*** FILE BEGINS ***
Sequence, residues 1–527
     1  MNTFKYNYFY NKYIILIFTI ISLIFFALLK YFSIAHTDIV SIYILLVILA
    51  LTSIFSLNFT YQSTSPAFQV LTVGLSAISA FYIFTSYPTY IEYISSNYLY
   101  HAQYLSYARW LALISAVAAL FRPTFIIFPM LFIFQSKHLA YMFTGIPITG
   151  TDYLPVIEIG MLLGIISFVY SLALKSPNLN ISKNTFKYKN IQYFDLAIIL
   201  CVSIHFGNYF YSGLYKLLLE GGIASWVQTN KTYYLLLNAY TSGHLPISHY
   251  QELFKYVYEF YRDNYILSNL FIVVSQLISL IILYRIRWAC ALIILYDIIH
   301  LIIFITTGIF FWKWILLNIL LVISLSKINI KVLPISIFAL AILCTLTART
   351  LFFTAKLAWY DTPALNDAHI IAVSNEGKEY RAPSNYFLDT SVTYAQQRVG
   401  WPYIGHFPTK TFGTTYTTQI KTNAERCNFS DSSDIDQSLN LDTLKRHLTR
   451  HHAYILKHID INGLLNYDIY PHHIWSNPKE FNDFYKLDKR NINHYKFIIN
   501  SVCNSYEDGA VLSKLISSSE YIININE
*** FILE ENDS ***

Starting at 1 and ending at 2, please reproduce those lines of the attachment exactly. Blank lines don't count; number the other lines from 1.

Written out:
Sequence, residues 1–527
     1  MNTFKYNYFY NKYIILIFTI ISLIFFALLK YFSIAHTDIV SIYILLVILA